About four years ago I went to a small art show in Old Town Indio. I showed up and the first thing I smelled was the fried chicken that the artists were offering to their guests (they weren’t old enough to serve alcohol yet). The first thing I saw was cool art on the walls and the first thing I received upon entering was a free comic book created by Kylie Knight & Carlos Munoz titled, The Adventures of Kylie & Carlos. I realized once I was in there that I had been looking for this type of art, fried chicken, comic book and friend(s) for years.
Prior to the show I had just graduated from UCR with a Bachelors of Arts degree in Film and Visual Culture, moved back home, and was bored. While at home I had been searching long and hard for some fellow young art enthusiats out in the desert to create with – I knew they had to be out here – but I was coming up empty handed, especially when looking in all the ‘typical’ places around town. Luckily, things quickly changed for the better after that particular art show…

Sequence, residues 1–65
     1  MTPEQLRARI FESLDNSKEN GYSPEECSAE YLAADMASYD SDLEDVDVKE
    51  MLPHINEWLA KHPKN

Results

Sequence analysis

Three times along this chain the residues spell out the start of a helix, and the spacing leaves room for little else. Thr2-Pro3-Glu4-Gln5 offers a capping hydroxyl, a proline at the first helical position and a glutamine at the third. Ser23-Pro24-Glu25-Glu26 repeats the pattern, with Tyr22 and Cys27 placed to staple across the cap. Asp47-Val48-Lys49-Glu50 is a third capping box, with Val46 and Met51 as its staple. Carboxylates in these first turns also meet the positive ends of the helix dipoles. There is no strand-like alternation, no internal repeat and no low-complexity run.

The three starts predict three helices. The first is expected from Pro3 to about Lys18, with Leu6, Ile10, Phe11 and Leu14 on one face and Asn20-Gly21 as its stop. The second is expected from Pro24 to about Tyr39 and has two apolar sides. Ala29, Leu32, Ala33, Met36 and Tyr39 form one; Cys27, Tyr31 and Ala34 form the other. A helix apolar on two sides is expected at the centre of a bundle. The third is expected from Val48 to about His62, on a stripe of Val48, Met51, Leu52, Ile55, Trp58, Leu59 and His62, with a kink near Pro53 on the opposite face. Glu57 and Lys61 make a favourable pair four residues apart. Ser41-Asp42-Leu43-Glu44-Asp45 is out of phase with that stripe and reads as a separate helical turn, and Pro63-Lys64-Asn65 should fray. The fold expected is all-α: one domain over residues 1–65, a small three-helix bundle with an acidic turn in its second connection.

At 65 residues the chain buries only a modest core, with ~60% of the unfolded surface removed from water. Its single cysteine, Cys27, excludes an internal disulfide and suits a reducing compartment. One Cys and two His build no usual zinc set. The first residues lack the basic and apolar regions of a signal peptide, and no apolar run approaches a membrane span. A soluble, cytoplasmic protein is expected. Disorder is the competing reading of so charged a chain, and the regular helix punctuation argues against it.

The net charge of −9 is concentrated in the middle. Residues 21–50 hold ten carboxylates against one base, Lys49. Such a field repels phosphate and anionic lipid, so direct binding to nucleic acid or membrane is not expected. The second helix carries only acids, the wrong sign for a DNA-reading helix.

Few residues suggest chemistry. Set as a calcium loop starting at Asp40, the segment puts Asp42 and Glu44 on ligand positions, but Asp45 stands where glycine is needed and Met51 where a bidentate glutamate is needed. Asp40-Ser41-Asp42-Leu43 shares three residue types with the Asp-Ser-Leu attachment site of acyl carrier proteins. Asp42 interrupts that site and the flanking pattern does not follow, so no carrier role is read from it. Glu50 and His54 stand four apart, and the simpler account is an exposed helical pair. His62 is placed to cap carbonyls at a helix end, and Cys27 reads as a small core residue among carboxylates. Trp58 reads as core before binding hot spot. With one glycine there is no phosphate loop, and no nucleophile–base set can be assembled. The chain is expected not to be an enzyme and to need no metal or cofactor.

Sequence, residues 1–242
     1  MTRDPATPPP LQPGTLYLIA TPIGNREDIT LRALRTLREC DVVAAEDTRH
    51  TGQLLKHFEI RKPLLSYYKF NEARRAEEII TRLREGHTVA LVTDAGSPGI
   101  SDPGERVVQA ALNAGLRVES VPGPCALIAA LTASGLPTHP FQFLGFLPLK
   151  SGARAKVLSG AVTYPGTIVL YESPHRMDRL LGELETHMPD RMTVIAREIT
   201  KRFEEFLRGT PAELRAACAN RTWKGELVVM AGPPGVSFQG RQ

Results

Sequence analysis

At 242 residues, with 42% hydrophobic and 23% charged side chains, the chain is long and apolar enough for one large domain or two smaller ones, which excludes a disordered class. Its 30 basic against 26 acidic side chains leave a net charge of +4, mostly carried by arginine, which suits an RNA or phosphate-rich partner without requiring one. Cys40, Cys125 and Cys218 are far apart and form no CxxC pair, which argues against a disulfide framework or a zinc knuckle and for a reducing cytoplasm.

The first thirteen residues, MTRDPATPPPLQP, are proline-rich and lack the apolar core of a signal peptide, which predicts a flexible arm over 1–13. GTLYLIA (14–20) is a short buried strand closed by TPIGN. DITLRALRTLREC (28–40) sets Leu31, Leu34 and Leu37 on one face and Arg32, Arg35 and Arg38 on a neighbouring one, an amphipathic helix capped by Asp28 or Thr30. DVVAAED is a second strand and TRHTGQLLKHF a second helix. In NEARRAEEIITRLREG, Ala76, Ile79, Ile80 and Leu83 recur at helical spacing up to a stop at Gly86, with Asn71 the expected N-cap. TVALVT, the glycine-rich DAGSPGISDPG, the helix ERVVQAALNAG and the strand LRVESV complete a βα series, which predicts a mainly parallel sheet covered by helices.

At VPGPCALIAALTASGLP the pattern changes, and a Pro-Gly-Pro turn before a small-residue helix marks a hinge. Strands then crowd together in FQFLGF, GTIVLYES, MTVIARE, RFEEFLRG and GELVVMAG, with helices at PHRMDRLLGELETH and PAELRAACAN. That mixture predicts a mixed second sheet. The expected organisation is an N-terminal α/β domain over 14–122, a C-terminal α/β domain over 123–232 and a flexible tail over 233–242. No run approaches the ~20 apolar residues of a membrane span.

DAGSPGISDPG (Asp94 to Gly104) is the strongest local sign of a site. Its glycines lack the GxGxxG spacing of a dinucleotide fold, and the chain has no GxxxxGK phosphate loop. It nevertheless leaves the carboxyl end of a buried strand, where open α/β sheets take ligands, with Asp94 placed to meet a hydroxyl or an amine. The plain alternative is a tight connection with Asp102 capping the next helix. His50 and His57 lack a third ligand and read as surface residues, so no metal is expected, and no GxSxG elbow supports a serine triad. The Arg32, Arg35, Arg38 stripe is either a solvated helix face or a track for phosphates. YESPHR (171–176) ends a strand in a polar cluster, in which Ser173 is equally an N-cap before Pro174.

It was after meeting Carlos and Kylie at the Date Farmers Art Studio that evening (an evening that naturally lasted until the early morning of the following day) that I was inspired to start a little blog called, The Coachella Valley Art Scene. I figured, if there were cool kids like Kylie out in Indio who were looking to connect with other local artists but didn’t know how, then maybe there is a chance that there are a lot more. And maybe there is a way that we can all connect on a digital platform? And maybe we can all start a movement? From that day forward, The Coachella Valley Art Scene was started and has continued to evolve since….